The Bombay high court on Monday rapped the Union government for failing to approach the Supreme Court for over a month seeking clubbing of all the petitions challenging the amendment to Information Technology Rules which have come under severe criticism.
Two petitions have been filed in the Bombay high court challenging the new IT Rules as being violative of Articles 14 (right to equality), Article 19(a) (freedom of speech and expression) and Article 19(1)(g) (freedom to practice any profession, or to carry on any occupation, trade or business).
Similar 13 other petitions have been filed in various high courts of the country, including in the Supreme Court. The union government has sought that all the petitions pertaining to the challenge to the amendment to the IT Act be transferred to the Supreme Court. The matter is likely to come up for hearing before the SC on Tuesday.
The petitions in the HC were filed in the first week of July by digital news web portal The Leaflet and journalist Nikhil Wagle.
A division bench of Chief Justice Dipankar Datta and Justice Girish Kulkarni asked Additional Solicitor General (ASG) Anil Singh: “Why did you wait for so long? In over a month you couldn’t get the order of transfer?”
Singh informed the court that they have already filed the transfer petition, but it has not been taken up for hearing. He also said that only the Kerala high court has stayed the amendment to the IT Act whereas other high courts have not granted any relief to the petitioners.
Darius Khambata, counsel for The Leaflet, argued that the Rules have a chilling effect on authors or anyone who wants to put anything up on the internet, because they are so wide. “The Regulations are so vague that it can haul up anyone for publishing anything online,” argued Khambata.
Terming the new rules as draconian, Khambata said that it seeks to monitor, censor and regulate free speech on the internet. “Ex facie the new rules are ultra vires of the IT Act which seeks to regulate publishing on electronic media. the original IT Act didn’t purport to regulate content. Through the amendment, the government wants to regulate the content. It's a draconian assault on free speech and democracy,” said Khambata.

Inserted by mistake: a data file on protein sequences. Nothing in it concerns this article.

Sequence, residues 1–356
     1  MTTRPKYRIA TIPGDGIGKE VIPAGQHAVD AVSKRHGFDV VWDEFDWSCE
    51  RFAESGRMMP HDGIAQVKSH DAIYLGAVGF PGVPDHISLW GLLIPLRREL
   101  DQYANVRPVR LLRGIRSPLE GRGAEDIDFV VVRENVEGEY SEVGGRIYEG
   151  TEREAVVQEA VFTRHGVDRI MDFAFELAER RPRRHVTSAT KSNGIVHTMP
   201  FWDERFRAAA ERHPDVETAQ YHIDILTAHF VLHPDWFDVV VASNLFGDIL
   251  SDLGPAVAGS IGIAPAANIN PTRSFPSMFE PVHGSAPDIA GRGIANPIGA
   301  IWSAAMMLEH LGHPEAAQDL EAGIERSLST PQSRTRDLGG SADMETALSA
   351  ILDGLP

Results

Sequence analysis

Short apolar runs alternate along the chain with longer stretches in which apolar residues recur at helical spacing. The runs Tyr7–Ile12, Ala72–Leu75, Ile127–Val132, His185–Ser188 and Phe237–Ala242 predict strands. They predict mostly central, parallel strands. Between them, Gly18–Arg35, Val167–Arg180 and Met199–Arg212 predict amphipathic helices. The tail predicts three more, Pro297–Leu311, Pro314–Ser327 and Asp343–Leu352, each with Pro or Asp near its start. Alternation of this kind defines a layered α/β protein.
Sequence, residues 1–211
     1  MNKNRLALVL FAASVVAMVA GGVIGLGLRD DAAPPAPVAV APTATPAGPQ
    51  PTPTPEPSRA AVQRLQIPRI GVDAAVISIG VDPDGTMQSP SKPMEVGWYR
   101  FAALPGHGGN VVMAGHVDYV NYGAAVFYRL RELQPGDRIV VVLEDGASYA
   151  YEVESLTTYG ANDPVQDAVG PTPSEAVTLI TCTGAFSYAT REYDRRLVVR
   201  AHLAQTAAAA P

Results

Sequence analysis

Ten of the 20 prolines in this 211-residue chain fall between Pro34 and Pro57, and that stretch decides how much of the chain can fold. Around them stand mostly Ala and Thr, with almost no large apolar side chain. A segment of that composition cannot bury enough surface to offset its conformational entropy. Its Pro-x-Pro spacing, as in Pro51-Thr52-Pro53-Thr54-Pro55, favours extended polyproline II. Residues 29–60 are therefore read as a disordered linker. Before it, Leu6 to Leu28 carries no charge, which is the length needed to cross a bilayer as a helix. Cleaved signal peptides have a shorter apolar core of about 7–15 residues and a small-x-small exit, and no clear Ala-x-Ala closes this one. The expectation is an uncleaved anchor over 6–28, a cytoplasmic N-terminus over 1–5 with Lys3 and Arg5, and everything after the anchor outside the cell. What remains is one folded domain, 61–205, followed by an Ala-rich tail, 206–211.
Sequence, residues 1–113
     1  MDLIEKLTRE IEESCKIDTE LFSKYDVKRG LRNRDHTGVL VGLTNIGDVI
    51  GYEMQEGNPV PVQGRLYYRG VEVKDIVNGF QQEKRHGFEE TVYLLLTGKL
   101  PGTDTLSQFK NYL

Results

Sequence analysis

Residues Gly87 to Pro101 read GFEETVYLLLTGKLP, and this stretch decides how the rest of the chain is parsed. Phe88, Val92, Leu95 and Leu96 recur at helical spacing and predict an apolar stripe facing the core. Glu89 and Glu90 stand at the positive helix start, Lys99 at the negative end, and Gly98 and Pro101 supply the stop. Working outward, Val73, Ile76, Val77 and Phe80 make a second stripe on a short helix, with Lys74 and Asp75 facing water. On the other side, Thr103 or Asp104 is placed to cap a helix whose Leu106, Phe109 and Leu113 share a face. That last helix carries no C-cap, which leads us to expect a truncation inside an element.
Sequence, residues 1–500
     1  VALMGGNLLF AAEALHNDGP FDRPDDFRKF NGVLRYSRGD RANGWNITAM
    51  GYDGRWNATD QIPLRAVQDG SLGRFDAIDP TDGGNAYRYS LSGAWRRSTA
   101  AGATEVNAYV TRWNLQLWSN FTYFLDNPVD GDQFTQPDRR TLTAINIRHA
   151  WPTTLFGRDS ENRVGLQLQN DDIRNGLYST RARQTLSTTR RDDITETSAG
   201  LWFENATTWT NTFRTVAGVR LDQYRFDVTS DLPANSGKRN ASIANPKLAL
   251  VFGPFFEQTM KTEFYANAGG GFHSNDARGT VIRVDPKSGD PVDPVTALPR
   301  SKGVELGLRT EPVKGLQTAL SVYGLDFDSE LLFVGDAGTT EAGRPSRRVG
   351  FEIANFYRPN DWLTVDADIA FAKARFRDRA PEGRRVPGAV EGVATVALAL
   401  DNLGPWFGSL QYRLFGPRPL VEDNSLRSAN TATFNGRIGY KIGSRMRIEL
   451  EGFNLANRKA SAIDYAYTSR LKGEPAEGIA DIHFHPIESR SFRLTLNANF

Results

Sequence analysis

While arguing on journalistic conduct, Khambata said that the Press Council of India has its own rules which were broad and wide. These self-regulations are sufficient. Law gives the right to defamation but it doesn’t give the right to the government to suppress free speech.
“Essence of democracy is criticism. It will never do good to a democracy to regulate free speech. This is a brazen attempt to regulate content. Investigative journalism is sought to be controlled. They don’t want sting operations,” said Khambata.
Wagle’s advocate, Abhay Nevagi, argued that according to the amended rules, social media platforms like WhatsApp, Signal, Facebook are required to use Artificial Intelligence and censor content which would eventually lead to violating privacy of citizens. “By such an amendment, the government is giving permission to social media platforms to store and read data of citizens. This can be misused and even the data can be sold. We saw this in the US during the last elections”.
HC has kept the petitions for hearing on Tuesday after the matter is heard by the Supreme Court. The judges said that they propose to hear the Union government’s reply to the petitions, in case the Supreme Court does not transfer these petitions to itself.